Wednesday, 9 February 2011

Multilingual adventures in School-Land

Schooling marks The Great Divide between babyhood, when you learn what matters around you, and studenthood, when you learn what other people decided should matter around you. For multilingual children, one issue that becomes relevant for schooling purposes is how their multilingualism matters.

For many centuries, language subjects have been on offer as compulsory subjects in standard schooling packages, in many places around the world. This must mean that educationists generally agree that knowledge of more than one language is a good thing. But what does “knowledge of more than one language” mean, exactly?

School language subjects do not aim at turning students into users of languages. If they did, it wouldn’t make sense for, say, monolingual Portuguese children to have a compulsory school subject called “Portuguese”. The goal is to provide students with a different skill: the means to talk about language through a specialised language, just like specialised languages are also provided in school to talk about numbers or the human body. Fair enough, and kudos to boot. I would be the last person to question the relevance of this goal: as a linguist, the language of language is my work and my passion.

However, school language subjects are not called talk-about-language subjects, being instead identified by names of particular languages. You then have to take a particular-language subject, in order to learn to talk about language. In contrast, you don’t need to examine a particular-human-body in order to learn to talk about the human body: examining models, drawings and photos of it usually does the trick. Add to this the assumption that language learners, by default, come equipped with a single language, and multilingual schoolchildren may well find themselves in a bind.

My children did. All three of them, users of Swedish and Portuguese at home, and of English in school, faced French as their first second language, which happened to be their fourth, learned in third place. Besides the number jumble, one other thing that never became clear to me was: why French? Learning languages and learning to talk about language are distinct things. Young children use their languages without being able to talk about them, and old linguists talk about languages without being able to use them. You can learn to talk about language using any language as model, so why French?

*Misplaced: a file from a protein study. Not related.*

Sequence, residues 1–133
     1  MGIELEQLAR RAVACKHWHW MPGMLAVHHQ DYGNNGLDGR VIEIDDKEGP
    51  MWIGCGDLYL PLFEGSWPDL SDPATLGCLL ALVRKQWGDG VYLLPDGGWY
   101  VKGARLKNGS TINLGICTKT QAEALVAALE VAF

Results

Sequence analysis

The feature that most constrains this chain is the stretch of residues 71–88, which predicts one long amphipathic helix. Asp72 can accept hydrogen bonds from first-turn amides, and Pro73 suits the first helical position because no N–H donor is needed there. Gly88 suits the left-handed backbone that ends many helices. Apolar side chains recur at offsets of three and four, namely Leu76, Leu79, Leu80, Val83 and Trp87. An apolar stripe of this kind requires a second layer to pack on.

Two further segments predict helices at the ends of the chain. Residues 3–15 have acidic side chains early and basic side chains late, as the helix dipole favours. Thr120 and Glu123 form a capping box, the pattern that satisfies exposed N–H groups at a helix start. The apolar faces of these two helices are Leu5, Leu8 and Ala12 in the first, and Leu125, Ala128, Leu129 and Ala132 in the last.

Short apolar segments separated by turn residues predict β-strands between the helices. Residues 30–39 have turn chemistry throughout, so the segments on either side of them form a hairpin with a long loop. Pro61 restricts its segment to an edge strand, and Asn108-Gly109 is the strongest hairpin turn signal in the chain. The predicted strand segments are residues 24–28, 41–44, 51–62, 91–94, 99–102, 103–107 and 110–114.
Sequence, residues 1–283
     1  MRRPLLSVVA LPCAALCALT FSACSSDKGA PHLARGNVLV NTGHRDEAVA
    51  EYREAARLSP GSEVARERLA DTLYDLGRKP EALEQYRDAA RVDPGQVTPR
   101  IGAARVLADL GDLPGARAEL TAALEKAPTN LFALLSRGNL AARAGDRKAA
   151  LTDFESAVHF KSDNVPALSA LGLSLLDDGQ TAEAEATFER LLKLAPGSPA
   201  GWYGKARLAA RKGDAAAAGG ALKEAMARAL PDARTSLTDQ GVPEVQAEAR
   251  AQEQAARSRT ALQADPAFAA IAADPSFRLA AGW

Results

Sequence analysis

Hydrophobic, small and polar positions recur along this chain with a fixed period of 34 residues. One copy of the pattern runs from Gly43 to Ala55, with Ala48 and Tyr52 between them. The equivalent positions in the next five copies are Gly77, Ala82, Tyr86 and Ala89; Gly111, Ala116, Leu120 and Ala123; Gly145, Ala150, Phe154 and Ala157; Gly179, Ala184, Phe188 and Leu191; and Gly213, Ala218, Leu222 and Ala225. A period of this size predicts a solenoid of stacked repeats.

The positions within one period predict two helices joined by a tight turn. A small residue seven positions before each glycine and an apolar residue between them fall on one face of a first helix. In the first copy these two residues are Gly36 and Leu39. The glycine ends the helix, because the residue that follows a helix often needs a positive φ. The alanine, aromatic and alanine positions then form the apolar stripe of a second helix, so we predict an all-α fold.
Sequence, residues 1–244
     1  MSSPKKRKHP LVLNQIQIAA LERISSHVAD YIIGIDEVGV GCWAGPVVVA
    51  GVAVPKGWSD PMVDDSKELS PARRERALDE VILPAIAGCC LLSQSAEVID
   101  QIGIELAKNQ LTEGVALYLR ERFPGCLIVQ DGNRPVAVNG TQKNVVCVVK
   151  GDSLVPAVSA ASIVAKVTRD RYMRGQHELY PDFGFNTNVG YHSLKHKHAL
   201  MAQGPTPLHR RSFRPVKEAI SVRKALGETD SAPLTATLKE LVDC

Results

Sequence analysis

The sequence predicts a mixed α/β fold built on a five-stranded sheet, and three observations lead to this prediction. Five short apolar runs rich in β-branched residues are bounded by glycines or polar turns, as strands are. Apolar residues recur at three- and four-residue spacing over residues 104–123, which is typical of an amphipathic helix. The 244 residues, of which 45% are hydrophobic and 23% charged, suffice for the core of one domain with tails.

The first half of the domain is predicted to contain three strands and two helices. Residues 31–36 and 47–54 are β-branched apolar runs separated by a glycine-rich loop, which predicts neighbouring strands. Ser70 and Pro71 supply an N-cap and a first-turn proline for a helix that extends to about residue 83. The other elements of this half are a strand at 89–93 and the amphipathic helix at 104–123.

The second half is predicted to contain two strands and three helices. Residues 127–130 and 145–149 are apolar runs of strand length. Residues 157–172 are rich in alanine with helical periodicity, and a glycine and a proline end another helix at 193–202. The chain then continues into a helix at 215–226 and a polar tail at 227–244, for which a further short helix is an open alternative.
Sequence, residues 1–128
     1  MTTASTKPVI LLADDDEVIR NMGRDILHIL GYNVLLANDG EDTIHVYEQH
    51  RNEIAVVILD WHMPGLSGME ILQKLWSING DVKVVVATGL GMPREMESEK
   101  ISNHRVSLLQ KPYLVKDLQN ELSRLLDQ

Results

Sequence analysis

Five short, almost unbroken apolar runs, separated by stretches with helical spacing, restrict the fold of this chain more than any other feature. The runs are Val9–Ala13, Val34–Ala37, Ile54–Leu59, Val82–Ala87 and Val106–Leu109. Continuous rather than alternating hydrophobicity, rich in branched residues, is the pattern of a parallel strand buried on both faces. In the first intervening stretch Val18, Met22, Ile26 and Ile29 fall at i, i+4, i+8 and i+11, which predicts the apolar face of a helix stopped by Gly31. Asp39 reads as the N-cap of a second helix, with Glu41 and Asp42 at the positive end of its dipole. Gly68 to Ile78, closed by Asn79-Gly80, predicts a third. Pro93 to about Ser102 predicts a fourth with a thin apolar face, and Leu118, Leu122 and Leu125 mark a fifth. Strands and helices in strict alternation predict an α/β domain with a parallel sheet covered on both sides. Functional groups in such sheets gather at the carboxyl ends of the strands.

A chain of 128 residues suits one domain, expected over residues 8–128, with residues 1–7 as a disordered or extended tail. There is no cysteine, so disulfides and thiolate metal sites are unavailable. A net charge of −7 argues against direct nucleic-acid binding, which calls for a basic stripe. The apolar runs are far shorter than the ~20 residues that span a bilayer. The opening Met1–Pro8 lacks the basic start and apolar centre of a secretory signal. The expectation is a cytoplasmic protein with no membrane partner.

Let me make myself very clear here: I love French. I was nurtured in French, and Frenchness, for 10 whole years in school, together with Portuguese. I love French culture, literature, people, music, food, drink, façons. I am, in short, a devoted francophile (in lower case, à la française). Maybe I’m odd, who should have rejoiced that my children would have a chance to acquire another one of “my” languages. But I didn’t. I couldn’t for the life of me understand why multilingual-without-French children like mine had to learn to talk about past tenses, subject complements and attributive adjectives in English, their school language, with French as example – in Singapore, to top it all, where French has little everyday relevance and four official languages have a lot of everyday relevance. My children were as baffled. As one of them expressed it pithily (in Portuguese): “If I don’t need to speak French, why do I need to learn French?”

So what I mean is perhaps not why French?, but why is a learner’s natural multilingualism shunned in class, in favour of syllabus multilingualism-of-sorts. My children’s French lessons proceeded in exactly the same fashion as my English lessons, 30-odd years before: in the single language of schooling assigned to the language subject, and treating the learner as a user of that single language.

The next post, a guest post, looks into similar practices from a different part of the world, Europe.

© MCF 2011

Next post: =Guest post= Multilingual everyday uses vs. monolingual school views, by Jasone Cenoz. Saturday 12th February 2011.


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